Introduction to the Police Officer Verbal Reasoning Test

Before you become a police officer in the UK, you’ll need to pass a number of assessments and police aptitude tests. One of these is the police officer verbal reasoning test, which assesses your ability to read a piece of text and make inferences based on the information provided.

The verbal reasoning test consists of 28 questions, and is 30 minutes long. All of the questions in this test are multiple choice. Moreover, the test is divided into two sections. In Section A, each question has 3 possible answers, only one of which is correct. In Section B, each question has 4 possible answers. Again, only one of these answers can be correct.

The way you answer questions in Section A is quite different to how you need to response to questions in Section B. Let’s begin with how Section A works.

Police Officer Verbal Reasoning Test – Section A

In this question, you will be given a short passage to read. It’s usually only a few sentences long, but has a lot of information packed into it. Below the text will be a series of statements, each with a box next to it. In this section, you will need to figure out whether each of the statements are true, false, or impossible to know based on the information provided:

• If you think the statement is true based on the information in the passage, you must put an ‘A’ in the box.
• If you think the statement is false based on the information in the passage, you must put a ‘B’ in the box.
• If you believe that it is impossible to say whether the statement is true or false based on the information provided, then you must put a ‘C’ in the box.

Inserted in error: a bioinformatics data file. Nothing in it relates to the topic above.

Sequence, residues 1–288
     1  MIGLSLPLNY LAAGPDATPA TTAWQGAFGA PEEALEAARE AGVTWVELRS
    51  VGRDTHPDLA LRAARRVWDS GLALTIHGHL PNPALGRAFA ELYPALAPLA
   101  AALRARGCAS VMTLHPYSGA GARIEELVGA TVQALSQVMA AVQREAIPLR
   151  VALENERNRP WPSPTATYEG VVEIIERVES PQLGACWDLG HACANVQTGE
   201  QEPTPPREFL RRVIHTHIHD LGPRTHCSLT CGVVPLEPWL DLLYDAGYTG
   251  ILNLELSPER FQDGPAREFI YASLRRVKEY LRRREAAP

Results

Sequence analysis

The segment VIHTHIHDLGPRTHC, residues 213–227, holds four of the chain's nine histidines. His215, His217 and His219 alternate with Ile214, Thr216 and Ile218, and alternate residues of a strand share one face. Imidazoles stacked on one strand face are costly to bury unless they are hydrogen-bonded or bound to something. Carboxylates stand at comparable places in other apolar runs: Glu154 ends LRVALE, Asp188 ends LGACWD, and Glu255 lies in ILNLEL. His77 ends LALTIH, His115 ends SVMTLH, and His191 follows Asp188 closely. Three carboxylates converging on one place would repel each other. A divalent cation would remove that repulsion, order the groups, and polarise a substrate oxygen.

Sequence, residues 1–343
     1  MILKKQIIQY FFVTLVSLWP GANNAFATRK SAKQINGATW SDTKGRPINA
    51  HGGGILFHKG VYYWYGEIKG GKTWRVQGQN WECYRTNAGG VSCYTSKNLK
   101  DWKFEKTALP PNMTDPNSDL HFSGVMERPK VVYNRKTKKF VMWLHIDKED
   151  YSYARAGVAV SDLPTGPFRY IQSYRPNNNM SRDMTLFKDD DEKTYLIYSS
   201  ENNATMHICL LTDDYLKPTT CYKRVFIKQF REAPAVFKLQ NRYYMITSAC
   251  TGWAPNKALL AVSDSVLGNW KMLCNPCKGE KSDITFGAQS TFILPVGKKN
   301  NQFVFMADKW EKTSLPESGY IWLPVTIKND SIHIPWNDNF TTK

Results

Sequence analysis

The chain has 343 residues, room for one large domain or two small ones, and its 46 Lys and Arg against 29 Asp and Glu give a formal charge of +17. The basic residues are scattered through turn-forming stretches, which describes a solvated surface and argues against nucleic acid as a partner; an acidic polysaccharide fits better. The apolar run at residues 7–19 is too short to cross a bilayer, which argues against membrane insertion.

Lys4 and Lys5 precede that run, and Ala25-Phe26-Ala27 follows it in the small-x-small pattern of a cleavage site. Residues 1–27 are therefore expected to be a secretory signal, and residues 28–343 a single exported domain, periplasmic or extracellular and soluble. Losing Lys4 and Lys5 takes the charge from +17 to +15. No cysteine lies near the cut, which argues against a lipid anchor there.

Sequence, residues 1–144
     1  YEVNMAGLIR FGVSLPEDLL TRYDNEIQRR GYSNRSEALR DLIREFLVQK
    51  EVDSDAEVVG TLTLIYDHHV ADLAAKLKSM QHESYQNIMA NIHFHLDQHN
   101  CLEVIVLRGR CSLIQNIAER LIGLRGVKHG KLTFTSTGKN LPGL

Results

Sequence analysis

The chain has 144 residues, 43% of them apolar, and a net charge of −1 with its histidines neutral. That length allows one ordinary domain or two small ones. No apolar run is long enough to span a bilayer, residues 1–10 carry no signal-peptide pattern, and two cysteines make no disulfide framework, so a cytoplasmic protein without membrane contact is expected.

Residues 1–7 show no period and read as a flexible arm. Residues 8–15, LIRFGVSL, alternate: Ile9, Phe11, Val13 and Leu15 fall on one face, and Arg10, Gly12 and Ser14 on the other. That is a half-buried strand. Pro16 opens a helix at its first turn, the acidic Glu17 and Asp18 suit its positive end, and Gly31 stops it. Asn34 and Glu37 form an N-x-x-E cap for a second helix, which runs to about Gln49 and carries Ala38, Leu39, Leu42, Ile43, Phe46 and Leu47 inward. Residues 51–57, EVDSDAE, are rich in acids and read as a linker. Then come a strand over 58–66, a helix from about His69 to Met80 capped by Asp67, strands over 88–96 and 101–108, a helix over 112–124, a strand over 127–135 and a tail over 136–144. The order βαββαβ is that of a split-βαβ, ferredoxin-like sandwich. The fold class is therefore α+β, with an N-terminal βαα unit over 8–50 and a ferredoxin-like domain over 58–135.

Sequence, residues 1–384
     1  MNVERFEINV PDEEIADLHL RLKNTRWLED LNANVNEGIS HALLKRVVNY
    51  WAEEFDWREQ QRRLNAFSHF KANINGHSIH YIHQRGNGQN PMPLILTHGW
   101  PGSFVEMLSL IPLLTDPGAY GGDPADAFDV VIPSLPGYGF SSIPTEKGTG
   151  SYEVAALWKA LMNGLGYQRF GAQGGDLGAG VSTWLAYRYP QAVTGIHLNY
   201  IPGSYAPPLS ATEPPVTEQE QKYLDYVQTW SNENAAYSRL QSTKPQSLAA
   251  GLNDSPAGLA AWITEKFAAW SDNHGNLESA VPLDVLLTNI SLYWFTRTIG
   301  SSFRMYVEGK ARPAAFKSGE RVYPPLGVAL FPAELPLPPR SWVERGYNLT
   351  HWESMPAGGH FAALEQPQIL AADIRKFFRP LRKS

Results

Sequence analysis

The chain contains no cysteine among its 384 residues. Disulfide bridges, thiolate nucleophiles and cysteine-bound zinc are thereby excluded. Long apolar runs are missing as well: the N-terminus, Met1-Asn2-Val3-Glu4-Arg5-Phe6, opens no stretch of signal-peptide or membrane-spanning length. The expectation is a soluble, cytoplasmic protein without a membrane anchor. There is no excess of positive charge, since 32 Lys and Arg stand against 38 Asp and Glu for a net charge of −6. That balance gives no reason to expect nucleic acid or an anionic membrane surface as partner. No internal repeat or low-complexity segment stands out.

Bear in mind that the passage can be presented in a couple of ways. It might be one, solid paragraph, or the information may be split into bullet points. Take a look at the following example so you can familiarise yourself with the layout of the questions:


So, you need to figure out which statements are true, false, and impossible to know based on the passage given. Make sure to re-read the passage carefully so that you don’t miss any key details. The answers will be available at the end of this article.

Police Officer Verbal Reasoning Test – Section B

Like Section A, the questions in Section B will each be based on a passage. You will need to make in inference from this material. These passages are much longer than those in Section A, so be ready to read a larger piece of text.

For this section, you will be given for potential answers for each question. You will need to tick the statement which best matches the scenario detailed in the passage. Try your hand at the following example and see how you fare:



There aren’t any quick tricks to success in the verbal reasoning test. You simply need to practice hard at the questions, become familiar with their layout, and get used to picking out key pieces of information and using them to figure out what’s true and what’s false. If you’d like more practice and
police verbal reasoning test examples, as well as other police officer assessment exercises, you can check out our Police Tests Book.


Section A
1. False
2. Impossible to say
3. Impossible to say
4. True
5. True

Section B
1. C